The startup universe that Akash and Isha Ambani will now lord over
Over the last couple of weeks, a lot of media real estate has been spent analysing how twins Akash and Isha Ambani will go on to shape the future of Reliance Jio and Reliance Retail, the two fast-growing divisions of the yarn-to-energy-to telecom-to-retail conglomerate Reliance Industries Ltd.
This comes as their father and India’s richest man, billionaire Mukesh Ambani, gets ready to hand over the mantle at Maker Chambers—which houses Reliance’s headquarters in Mumbai—to his offspring.
While the succession plan will become apparent only in the months and years ahead, the two divisions have left an unmistakable imprint on India’s startup universe over the last three years.
Both Reliance Retail and Reliance Jio have acquired or backed more than three dozen startups or smaller companies, across the value chain both in India and abroad.
According to a Morgan Stanley report ‘What Reliance is Buying’, cited by Bloomberg, the group has invested more than $5.6 billion across sectors, led by telecom and digital business at $2.5 billion.
An independent compilation of the information available in public domain shows that until March this year, Reliance had invested just under $2.4 billion in acquiring or expanding startups and other small businesses across domains like telecom and internet, media and education, chemicals and energy, retail and other digital companies.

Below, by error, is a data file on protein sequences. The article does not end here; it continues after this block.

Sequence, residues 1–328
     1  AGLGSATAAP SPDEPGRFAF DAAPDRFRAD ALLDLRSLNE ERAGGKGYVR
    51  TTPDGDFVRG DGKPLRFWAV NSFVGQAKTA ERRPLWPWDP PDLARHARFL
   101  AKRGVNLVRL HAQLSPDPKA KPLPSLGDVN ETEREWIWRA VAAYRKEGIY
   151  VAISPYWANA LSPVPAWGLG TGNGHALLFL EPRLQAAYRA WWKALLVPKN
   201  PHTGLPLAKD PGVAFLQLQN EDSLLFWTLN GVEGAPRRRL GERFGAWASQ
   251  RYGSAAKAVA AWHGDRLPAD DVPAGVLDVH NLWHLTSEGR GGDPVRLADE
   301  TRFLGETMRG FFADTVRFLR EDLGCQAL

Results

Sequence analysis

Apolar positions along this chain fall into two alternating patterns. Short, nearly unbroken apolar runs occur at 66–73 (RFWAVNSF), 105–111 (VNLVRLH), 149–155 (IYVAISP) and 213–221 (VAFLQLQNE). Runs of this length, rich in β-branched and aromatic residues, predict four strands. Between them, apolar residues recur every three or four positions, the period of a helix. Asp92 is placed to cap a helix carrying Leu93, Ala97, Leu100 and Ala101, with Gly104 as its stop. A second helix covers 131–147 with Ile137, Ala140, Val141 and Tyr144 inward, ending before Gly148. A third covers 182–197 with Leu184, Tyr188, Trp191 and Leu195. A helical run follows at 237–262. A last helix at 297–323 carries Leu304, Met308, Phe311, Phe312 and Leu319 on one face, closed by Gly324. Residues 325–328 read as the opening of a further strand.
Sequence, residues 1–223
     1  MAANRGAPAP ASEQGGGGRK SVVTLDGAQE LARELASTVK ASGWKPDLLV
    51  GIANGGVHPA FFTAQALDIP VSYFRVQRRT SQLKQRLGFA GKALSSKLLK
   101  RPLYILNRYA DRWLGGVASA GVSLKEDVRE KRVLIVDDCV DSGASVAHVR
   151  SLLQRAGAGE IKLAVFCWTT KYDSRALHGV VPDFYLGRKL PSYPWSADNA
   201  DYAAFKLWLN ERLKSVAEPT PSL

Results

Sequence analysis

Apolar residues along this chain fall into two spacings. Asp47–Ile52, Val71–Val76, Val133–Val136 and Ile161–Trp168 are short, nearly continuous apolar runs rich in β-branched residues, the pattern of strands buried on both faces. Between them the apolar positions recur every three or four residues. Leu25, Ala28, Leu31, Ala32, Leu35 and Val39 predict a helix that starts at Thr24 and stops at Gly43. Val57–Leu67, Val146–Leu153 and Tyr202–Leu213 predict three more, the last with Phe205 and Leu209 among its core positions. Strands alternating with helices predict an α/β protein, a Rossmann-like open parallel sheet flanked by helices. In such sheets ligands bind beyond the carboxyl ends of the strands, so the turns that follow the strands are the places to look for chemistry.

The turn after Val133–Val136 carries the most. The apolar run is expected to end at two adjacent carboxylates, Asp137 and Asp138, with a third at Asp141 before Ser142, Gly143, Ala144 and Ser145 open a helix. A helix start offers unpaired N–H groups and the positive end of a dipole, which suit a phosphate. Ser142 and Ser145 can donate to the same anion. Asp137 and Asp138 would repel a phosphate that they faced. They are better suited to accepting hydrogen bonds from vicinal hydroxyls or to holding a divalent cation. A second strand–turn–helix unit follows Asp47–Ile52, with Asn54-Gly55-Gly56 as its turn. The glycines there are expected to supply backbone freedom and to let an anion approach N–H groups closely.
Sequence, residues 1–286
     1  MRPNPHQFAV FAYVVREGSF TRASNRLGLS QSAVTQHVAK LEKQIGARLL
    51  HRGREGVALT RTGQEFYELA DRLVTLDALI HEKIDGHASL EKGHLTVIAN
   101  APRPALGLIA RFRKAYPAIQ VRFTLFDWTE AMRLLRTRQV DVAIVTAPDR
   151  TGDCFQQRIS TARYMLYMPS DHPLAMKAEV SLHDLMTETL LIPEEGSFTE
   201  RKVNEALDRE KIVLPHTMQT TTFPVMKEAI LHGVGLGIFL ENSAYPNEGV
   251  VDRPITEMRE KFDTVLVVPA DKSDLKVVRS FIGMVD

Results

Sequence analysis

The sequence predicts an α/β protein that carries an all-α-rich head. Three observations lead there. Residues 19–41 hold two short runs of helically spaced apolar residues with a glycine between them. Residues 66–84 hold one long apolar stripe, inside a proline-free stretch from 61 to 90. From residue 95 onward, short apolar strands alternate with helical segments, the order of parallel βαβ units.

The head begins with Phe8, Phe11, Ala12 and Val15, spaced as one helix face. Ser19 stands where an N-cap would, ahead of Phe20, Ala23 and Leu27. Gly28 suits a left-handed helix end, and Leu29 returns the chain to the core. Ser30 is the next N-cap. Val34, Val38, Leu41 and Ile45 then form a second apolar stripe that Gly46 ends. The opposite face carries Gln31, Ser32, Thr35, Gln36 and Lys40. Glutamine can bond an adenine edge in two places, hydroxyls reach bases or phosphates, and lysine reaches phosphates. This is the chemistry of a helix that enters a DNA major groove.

To be sure, while RIL has acquired quite a few of these companies outright, in most of the others, it has either taken majority stakes or significant minority stakes, which gives its nominees a board presence and a chance to steer those companies in sync with the direction it wants its empire to take.
Tech-based or tech-enabled companies acquired by the behemoth span across domains as wide ranging as artificial intelligence, internet of things, blockchain, online multiplayer gaming, multi-party videoconferencing, augmented reality, virtual reality and mixed reality.
Some of the best-known companies that RIL’s arms have bought over or into over the past few years include entertainment companies Balaji Telefilms, Saavn and Eros; and digital cable companies Hathway and DEN Networks.
In the tech domain, RIL’s various arms have invested or acquired a large number of companies including edtech startups EdCast and Embibe. customer engagement startup Haptik, language processing firm Reverie, online shopping platform Fynd, 5G architecture provider Radsys, robotics startup Addverb, AI solutions provider Asteria Aerospace, SaaS solutions company Nowfloats Technologies, and logistics company Grab.
But there’s more. Over the last few years, Reliance Retail has also acquired majority or significant minority stake in leading fashion labels promoted by fashion designers like Ritu Kumar, Manish Malhotra, Abraham & Thakore and Satya Paul.